Last fall I began my first ACT 3 Missional-Ecumenical Cohort Group. This group consists of fifteen men and women who are deeply committed to learning how to be practitioners of what I call missional-ecumenism. They have committed themselves to reading over 1,500 pages of printed text, meeting for four whole (long) days spread out over eight months, to small group dialogues and to interaction via social media. I have learned a whole lot more than I've taught in the past six months. I have also seen a number of things that need to be altered to make the ACT 3 Cohort Groups more effective. These students have encouraged me and helped to build a foundation for future groups. On April 17 this first class will graduate from the program. Then our second year begins in September-October. A group may be coming to a city near you.
If you would like to learn a lot more about these groups go to ACT 3 and check out the material about the groups on our home page. This link will take you into a series of three videos and a number of documents explaining the group and what is required, etc. We have scheduled ACT 3 Cohort Groups for Chicago, Philadelphia and Phoenix for this fall. We may also have groups in Washington, D.C., St. Louis, Dallas and San Francisco. The first three are 99% certain. The other cities are being determined between now and June 1. Dates will be available in June for each location where we can have a Cohort Group in 2012-13. Again, go to the site and click on "The Unity Factor" to learn more.
One of my current students, Sharon Shafer, has written a blog about something she learned in the ACT 3 Cohort process about the cross and relational dialogue. This blog will give you an idea of how one person thought very deeply and faithfully about the missional church and unity and then put her ideas down in a clear and succinct way. I am so proud of Sharon for thinking and reflecting deeply about mission. Check out her post. You will get a great idea of some of the ways people learn to think because they share in this learning process together.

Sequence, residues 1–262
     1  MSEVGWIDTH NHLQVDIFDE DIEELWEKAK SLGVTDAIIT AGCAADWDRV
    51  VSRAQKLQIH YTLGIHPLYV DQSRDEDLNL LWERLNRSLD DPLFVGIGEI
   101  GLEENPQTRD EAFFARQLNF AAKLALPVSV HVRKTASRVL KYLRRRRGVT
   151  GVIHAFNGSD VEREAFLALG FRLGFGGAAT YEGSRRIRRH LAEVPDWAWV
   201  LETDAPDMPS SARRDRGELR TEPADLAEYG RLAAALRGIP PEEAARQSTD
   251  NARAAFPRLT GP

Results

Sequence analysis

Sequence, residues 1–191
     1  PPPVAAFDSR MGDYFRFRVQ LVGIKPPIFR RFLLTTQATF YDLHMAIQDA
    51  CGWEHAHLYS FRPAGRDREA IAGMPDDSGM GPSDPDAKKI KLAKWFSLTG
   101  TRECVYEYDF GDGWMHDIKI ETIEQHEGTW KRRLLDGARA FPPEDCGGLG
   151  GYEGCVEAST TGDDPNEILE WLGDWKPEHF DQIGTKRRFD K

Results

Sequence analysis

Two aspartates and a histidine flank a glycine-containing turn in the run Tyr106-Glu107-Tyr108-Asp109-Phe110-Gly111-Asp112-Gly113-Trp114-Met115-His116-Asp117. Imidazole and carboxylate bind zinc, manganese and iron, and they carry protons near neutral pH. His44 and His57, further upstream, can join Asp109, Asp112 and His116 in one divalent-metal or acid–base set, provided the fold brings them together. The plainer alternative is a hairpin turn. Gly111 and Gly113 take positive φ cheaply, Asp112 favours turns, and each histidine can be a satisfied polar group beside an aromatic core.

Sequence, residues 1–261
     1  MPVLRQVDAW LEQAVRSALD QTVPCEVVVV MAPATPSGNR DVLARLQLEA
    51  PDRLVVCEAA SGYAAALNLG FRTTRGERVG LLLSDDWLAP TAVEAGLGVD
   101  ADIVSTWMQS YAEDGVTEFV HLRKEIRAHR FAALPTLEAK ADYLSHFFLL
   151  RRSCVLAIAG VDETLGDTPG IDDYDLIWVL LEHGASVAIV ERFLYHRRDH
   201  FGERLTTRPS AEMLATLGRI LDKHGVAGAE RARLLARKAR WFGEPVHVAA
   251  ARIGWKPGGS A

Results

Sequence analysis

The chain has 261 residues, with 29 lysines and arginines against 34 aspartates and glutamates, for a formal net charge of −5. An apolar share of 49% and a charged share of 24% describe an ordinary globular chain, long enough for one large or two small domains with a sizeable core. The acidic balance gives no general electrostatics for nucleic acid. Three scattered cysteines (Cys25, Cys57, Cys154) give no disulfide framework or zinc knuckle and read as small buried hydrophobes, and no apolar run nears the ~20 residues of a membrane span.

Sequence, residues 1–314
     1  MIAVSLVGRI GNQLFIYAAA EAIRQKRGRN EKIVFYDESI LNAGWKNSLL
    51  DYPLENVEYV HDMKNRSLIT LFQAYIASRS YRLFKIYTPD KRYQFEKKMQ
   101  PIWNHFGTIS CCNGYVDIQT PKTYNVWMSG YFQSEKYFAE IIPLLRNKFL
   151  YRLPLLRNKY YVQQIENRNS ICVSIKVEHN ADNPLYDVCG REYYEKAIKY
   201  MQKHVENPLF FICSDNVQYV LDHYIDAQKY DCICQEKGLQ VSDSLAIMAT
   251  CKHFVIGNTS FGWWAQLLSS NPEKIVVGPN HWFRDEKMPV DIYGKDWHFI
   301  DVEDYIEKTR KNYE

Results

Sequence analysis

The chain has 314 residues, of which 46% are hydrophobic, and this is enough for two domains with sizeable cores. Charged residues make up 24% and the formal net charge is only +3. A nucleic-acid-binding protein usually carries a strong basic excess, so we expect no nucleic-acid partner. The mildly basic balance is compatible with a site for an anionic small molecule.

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I agree that the way of the cross is dialogue. On Monday Devin Rose posted a thoughtful and thorough Catholic reflection on *Your Church is Too Small* over at Called To Communion. I look forward to your dialogue with Devin regarding the substance of his reflection.
In the peace of Christ,
Thank you Bryan. I have read Devin Rose’s fine review. I have responded to him personally and thanked him. I will likely post it on my Facebook page. I will not, however, review a review. It is never normal practice for authors to do this unless they agree to enter a review and counter-review agreement process in advance. (I have done this a few times.) I cannot review the reviews of my book(s) since it would begin a process that would eat hours and hours of time. I respect such good/fair reviews by encouraging everyone to read them. He has written the best conservative, traditional Catholic reply to my book that I have read. His tone is measured and his spirit is Christ-like. I respect him and obviously agree with some points and disagree with others. Thanks for the reference and for your kindness.